And when you click on a hotel or other property, you’ll see it noted at the top of the listing:
While this sustainability filter isn’t as exclusive as some of the other options on this list, it lets you sort through the myriad results on Booking.com to find hotels that are at least doing better than the rest.
Many of the results are big hotel chains – but not all of them!
I found one of my new favorite sustainable hotels through this filter. (The SLEEP’N Atocha in Madrid, which is Spain’s first Certified B Corp hotel. It’s a beautiful boutique hotel that’s also carbon-neutral, and in a perfect location in central Madrid. Highly recommended!)
A few shots from when I stayed at Spain’s first Certified B Corp hotel! (Which I found through Booking.com’s sustainable hotels filter.)
How do hotels get on Booking’s “Travel Sustainable” list?
Whenever I stay at a one of Booking’s smaller Travel Sustainable properties, I ask the hotel owners about it. Here’s what I’ve learned about how it works:
Booking.com contacts properties and asks them about a laundry list of different sustainability factors, then the properties send in photos and documentation to prove what they’re doing to reduce their environmental impact.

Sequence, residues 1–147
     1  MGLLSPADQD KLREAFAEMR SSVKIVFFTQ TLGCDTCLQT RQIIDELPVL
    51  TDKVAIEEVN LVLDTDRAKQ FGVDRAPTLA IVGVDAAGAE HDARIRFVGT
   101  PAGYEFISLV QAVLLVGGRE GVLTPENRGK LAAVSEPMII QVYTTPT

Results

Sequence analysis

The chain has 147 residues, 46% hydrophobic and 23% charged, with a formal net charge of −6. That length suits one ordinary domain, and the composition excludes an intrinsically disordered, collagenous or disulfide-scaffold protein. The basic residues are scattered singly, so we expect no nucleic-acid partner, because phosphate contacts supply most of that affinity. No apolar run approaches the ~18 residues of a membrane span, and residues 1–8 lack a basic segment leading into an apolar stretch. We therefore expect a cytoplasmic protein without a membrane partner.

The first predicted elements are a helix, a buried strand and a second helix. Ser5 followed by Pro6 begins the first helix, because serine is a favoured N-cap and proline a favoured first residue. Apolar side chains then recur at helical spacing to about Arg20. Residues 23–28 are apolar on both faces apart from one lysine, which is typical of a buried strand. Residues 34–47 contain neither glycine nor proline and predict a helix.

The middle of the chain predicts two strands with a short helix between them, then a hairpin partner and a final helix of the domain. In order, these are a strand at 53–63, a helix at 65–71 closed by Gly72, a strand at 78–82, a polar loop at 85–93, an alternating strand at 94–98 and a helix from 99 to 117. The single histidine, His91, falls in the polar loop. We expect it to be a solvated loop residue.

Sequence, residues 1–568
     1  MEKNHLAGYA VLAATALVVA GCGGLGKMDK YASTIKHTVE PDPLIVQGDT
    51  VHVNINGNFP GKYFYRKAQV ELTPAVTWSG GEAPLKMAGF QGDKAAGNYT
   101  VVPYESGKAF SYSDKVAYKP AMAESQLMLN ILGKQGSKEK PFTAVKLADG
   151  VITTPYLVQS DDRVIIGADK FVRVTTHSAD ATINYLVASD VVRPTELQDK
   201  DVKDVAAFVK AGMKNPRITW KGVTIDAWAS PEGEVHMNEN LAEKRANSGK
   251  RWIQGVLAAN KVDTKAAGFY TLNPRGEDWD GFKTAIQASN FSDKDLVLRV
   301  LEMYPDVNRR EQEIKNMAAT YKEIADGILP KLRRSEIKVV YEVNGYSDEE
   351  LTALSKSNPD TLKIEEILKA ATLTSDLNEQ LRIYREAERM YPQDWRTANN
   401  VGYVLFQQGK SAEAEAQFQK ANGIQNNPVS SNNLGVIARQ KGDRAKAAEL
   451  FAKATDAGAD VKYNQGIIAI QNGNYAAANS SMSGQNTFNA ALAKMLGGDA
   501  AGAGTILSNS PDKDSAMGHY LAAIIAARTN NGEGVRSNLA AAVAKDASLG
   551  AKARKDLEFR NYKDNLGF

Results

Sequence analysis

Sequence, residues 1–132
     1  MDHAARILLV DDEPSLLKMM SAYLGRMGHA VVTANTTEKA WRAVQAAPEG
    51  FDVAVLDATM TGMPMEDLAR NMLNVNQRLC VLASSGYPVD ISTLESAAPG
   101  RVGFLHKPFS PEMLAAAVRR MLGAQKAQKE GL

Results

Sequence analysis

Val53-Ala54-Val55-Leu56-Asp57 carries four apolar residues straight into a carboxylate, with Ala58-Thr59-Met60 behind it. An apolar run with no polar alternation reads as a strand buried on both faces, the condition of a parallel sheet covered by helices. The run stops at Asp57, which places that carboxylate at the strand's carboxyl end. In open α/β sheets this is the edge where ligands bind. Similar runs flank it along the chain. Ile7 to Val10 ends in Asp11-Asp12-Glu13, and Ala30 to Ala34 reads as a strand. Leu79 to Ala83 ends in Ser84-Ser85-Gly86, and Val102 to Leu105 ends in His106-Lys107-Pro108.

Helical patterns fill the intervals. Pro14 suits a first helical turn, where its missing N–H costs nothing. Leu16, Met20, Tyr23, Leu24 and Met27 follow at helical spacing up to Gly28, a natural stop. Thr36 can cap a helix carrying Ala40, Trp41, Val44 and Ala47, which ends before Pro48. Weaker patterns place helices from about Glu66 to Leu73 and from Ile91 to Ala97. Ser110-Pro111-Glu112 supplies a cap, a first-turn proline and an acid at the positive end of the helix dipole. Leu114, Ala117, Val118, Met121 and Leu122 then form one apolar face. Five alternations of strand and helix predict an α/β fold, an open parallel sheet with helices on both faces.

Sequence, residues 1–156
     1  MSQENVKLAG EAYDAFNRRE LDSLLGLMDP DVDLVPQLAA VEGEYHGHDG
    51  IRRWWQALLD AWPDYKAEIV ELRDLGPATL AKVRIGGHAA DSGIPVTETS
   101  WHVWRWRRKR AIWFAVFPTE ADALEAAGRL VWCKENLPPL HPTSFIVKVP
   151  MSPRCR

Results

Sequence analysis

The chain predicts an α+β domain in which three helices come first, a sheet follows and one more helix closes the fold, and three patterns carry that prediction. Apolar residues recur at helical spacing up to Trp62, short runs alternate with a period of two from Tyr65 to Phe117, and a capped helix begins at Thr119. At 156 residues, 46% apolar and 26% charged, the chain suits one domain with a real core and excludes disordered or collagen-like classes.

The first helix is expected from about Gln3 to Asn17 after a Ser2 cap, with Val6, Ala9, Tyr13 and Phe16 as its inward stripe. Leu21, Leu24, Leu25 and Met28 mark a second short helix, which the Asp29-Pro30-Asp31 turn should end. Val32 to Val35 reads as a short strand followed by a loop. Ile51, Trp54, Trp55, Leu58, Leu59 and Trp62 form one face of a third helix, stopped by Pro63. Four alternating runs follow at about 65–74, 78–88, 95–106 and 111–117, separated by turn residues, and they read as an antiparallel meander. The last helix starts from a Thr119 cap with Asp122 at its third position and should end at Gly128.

These sustainability improvements can include a lot of different actions. For example:
- avoiding single-use plastics (refillable shampoos instead of plastic minis, for example),
- reducing food waste (by asking guests to request what they want for breakfast instead of putting out a buffet for example),
- using renewable energy to power the property,
- offering charging stations for electric vehicles,
- offering local artists a place to display their work, and hiring local guides for tours,
- and lots more!
So the filter doesn’t mean the same thing for all properties, but it means they’re at least doing something that’s ahead of the curve.
Here’s how to see a specific hotel’s sustainability actions:
On each accommodation listing, beneath the “Availability” section (the list of room types you can book), is a section called Travel Sustainable Property. Click “Read More” and you’ll see a list of sustainability certifications and accomplishments for that hotel.
Related: For more on how to travel more sustainably, check out my Lazy Guide to More Sustainable Travel.
Agoda + Sustainable Hotels Filter (for Asia only)
I have mixed feelings about Agoda. Frankly, the internet is full of terrible stories about their customer service when something goes wrong with a booking. And I find their website very annoying – lots of distractions, ads, and spammy flags pressuring you to book. (Almost every listing has a bright red notice saying “MEGA SALE,” “ONLY 1 LEFT,” or “78% OFF TODAY.” Blarg.)
However, they do now have a “Travel Sustainable Property” filter, and for years they’ve been the best search platform for hotels in Asia.
I used Agoda a lot when I lived in China and was traveling around Asia, because it often finds more results there than other hotel booking websites.
The phrasing for their sustainable hotels filter is exactly the same as on Booking.com because the two companies have the same corporate owner. (It even uses the same icon and gives the same sustainability information about each hotel as Booking. That’s one good note.)